StrongSwan VPN setup

This is a guide for setting up strongSwan, a VPN solution that allows you to securely connect to your home network from a remote location. The guide is based on this excellent blog post by Atomstar.

While strongSwan can work with a wide range of scenarios, the setup presented here is a typical home network where the VPN server acts as a gateway allowing you to connect to your home devices from outside the network.

I used a Raspberry Pi in my setup, but the instructions can be easily applied to any Debian-based Linux distribution.

Why strongSwan

I personally chose strongSwan because it uses IKEv2/IPSec under the hood, a protocol stack natively supported by macOS and iOS without the need of a separate app. After struggling to configure an OpenVPN client on macOS (via the Tunnelblick app) I decided to look for an alternative solution, and was surprised to see how smooth strongSwan's configuration went.

Another reason would be that StrongSwan is already present in the official Debian apt repository, making installation easier and more secure.

There are other IPSec solutions for Linux, such as Openswan or Libreswan. The differences between all the "Swans" are highlighted in this serverfault question, but ultimately StrongSwan seems to be the more mature project and better suited for Debian/Ubuntu/RaspberryPi.

The setup

Installing required packages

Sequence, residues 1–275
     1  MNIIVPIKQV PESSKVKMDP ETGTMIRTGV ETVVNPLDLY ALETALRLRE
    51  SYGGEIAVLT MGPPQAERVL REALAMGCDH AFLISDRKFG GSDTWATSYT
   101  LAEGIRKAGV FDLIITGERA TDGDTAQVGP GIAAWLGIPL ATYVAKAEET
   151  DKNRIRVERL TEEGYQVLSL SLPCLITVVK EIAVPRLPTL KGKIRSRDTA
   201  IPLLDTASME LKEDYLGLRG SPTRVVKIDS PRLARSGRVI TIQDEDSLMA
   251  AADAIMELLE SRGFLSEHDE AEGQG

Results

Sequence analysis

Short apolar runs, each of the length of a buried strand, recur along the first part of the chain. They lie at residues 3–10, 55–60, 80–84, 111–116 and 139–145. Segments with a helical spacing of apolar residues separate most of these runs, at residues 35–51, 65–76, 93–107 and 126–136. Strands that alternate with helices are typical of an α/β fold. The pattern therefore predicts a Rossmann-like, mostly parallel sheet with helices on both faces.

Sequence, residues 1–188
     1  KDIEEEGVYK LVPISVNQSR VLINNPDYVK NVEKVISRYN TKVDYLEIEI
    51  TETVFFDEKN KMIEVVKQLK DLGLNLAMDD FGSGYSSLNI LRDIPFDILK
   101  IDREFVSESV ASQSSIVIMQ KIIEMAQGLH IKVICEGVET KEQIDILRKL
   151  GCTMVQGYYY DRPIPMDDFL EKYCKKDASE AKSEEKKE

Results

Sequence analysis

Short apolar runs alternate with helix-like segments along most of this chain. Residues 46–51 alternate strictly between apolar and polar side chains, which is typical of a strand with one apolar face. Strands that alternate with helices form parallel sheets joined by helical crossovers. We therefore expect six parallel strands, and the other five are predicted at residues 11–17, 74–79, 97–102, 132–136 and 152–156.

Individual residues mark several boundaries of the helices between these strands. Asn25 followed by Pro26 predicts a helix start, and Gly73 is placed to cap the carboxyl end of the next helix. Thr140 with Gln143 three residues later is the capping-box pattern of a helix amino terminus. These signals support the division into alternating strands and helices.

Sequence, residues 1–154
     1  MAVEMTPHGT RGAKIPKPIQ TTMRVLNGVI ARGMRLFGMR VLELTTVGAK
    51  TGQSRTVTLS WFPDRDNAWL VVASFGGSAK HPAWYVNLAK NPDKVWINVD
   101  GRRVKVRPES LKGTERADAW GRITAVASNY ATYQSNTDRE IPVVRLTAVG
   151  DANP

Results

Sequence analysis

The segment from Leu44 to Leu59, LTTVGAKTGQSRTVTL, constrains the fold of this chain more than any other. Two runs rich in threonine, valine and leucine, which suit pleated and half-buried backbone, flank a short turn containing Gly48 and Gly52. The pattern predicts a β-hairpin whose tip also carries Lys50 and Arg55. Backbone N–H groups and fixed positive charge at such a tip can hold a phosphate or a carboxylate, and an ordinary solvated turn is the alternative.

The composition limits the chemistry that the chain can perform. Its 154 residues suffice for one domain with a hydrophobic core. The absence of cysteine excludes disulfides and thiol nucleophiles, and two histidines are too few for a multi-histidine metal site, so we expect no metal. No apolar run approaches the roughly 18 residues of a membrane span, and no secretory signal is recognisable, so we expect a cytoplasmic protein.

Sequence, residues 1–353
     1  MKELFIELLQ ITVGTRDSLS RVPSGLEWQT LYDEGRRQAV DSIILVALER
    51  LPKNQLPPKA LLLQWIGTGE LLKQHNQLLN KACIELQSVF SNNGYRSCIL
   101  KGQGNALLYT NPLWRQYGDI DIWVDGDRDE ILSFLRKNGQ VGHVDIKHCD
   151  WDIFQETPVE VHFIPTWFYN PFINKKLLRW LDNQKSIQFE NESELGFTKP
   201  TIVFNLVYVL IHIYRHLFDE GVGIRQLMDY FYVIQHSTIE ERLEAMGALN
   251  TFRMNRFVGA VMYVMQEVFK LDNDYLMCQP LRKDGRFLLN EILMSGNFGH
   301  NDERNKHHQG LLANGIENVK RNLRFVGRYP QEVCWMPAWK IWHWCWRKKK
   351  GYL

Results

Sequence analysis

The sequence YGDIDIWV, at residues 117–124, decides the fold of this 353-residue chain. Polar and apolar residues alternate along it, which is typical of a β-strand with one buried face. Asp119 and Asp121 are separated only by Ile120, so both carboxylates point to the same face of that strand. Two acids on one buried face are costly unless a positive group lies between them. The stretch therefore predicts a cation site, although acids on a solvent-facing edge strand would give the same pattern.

strongSwan is part of the official apt repository for RaspberryPi OS, Debian and Ubuntu, so installation involves just running an apt install:

sudo apt install strongswan strongswan-pki libcharon-extra-plugins libstrongswan-extra-plugins

Certificates and keys

Let's generate the required certificate and keys.
We will do this within a directory that nobody else can access:

mkdir ~/vpn-certs/
cd ~/vpn-certs/
chmod 700 .

Let's set some environment variables to help us with the commands. Adjust these to match your setup:

export SERVER_FQDN=""

An IKEv2 server requires a certificate to identify itself to clients. This needs to be signed by a certificate authority root certificate and key.

We first need to generate the key for our certificate authority.

ipsec pki --gen --type rsa --size 4096 --outform pem > server-root-key.pem
chmod 600 server-root-key.pem

Then we generate the root certificate for our certificate authority.

ipsec pki --self --ca --lifetime 3650 \
    --in server-root-key.pem \
    --type rsa --dn "C=${SERVER_COUNTRY}, O=VPN Server, CN=VPN Server Root CA" \
    --outform pem > server-root-ca.pem

Next, let's generate a key for our VPN server:

ipsec pki --gen --type rsa --size 4096 --outform pem > vpn-server-key.pem

Finally, generate the certificate for our VPN server and sign it with the certificate authority key/certificate.

ipsec pki --pub --in vpn-server-key.pem \
    --type rsa | ipsec pki --issue --lifetime 1825 \
    --cacert server-root-ca.pem \
    --cakey server-root-key.pem \
    --dn "C=${SERVER_COUNTRY}, O=VPN Server, CN=${SERVER_FQDN}" \
    --san ${SERVER_FQDN} \
    --flag serverAuth --flag ikeIntermediate \
    --outform pem > vpn-server-cert.pem

Copy the output files to the necessary locations and set permissions:

sudo cp ./vpn-server-cert.pem /etc/ipsec.d/certs/vpn-server-cert.pem
sudo cp ./vpn-server-key.pem /etc/ipsec.d/private/vpn-server-key.pem